Metronomy – ‘Metronomy Forever’ review

With their sixth album, Metronomy tap into the spirit of their 2008 classic 'Nights Out', this time toeing the line between maturity and playfulness

Just over 10 years ago, Metronomy went on a bender. ‘Nights Out’, their breakthrough album and soundtrack to a generation of freshers, was proof that indie, pop and electronic music could exist outside the clatterings of nu-rave, with the wobbly ‘Radio Ladio’ and new-wave aping ‘On Dancefloors’ being as sticky, garish and loveable as the clubs we all stumbled in and out of.

Frontman Joe Mount and the gang celebrated the 10th anniversary with a reissue earlier this year. Joe has said that to transport himself back into that time, he opened up the same laptop he symbolically closed on its completion and revisited the marvellous creation.

Revisiting that time might well have made somewhat of an impact on their new album, perhaps, with their sixth acting as a spiritual sequel. In contrast, 2011’s ‘English Riviera’ was laser-sharp and played up their credentials as indie heroes, before they went ever-so-slightly psychedelic on 2014’s ‘Love Letters’ and rounded the evolution off with the disco-nodding ‘Summer 08’ in 2016.

Their sixth album, ‘Metronomy Forever’, however, taps back into ‘Nights Out’ chaotic energy, but observes lovingly from a distance for a collection that is both mature and playful, but never abandons the other. 

Joe Mount, however, is not the same person he was back in that ‘Nights Out’ era. He’s settled down and had kids, moved to the countryside and been called up to work alongside Robyn on her 2018 album ‘Honey’, among others including Jessie Ware and Girls Aloud’s Nicola Roberts. So the subject matter has changed, too. On ‘Metronomy Forever’, commitment, maturity and marriage loom large. Jubilant church bells ring-out on the opening track and return on ‘Wedding Bells’, this time laced with mid-thirties paranoia and the impending question – shouldn’t I be getting a move on with my life?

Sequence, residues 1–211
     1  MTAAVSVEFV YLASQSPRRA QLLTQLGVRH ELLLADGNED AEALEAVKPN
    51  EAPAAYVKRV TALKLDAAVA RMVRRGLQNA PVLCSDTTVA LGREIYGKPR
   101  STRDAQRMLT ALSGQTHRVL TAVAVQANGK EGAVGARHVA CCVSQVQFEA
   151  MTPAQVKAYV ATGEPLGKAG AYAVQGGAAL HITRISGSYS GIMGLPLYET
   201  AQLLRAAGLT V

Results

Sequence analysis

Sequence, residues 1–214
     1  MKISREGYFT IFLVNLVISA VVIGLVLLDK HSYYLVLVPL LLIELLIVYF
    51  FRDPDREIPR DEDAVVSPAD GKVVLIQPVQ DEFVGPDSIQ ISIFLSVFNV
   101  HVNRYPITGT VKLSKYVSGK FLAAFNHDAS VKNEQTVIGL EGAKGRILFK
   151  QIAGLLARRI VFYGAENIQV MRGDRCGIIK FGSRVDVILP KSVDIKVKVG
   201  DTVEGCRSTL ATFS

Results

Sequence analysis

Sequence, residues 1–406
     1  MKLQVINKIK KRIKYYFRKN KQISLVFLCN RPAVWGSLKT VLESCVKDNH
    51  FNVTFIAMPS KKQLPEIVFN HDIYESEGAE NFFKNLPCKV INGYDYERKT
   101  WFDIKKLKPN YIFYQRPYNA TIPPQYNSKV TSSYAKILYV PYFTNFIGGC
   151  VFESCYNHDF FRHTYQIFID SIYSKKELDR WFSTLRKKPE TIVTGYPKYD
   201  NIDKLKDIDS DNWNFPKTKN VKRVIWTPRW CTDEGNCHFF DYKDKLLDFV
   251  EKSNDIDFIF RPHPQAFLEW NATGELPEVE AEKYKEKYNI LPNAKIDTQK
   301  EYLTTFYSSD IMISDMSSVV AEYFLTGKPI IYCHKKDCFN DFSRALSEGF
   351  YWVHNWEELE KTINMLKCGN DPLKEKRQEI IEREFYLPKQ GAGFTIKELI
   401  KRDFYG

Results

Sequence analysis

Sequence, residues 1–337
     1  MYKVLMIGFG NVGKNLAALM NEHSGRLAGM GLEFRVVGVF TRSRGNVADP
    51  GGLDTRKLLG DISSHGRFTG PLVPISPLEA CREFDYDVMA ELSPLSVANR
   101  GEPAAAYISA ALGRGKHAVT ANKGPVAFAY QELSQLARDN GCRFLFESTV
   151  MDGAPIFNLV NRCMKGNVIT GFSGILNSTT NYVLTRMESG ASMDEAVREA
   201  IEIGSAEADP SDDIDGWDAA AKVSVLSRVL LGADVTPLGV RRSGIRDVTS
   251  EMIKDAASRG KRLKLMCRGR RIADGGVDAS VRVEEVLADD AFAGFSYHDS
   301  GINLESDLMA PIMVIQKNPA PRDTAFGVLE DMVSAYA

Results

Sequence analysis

They sound like they’re having a lot of fun during it, though. The ramshackle ‘Lately’ and ‘Insecurity’ affirm their rock credentials with sharp synth-lines and crushing guitar parts – think the rawness 2006’s debut album opener, ‘You Could Easily Have Me’ but through a pop-lens. ‘Salted Caramel Ice Cream’ is a delicious 12-bar-blues song via Lipps Inc’s ‘Funky Town’. The funked-up ‘Sex Emoji’ is less a cheeky aubergine via WhatsApp and more a not-so-subtle wink from across the bar. It’s flattering, sure, but you’re not sure you want it to happen again.

Speaking to NME, Mount joked that the best way to describe the new album is “pretentious” and “long”. Though ‘Metronomy Forever’ certainly is not the former – their music has often born out of unfiltered joy and love for pop, despite what the naysayers reckon – it is slightly overwrought in places. Clocking in at 55-minutes, and fulfilling the mixtape framework Mount set himself, some of the selections work better than others. ‘Lying Low’ is a murky instrumental that sits nicely to Floating Points and ‘Miracle Rooftop’ dabbles in French Touch, though the experimental ‘Forever Is A Long Time’ and ‘Upset My Girlfriend’ do seem to linger for an eternity.

‘Metronomy Forever’ is, in many ways, remarkable: the band have proved their longevity and ability to reinvent, retool and still maintain their love and ability to pen stellar pop songs. We’re already looking forward the sequel.

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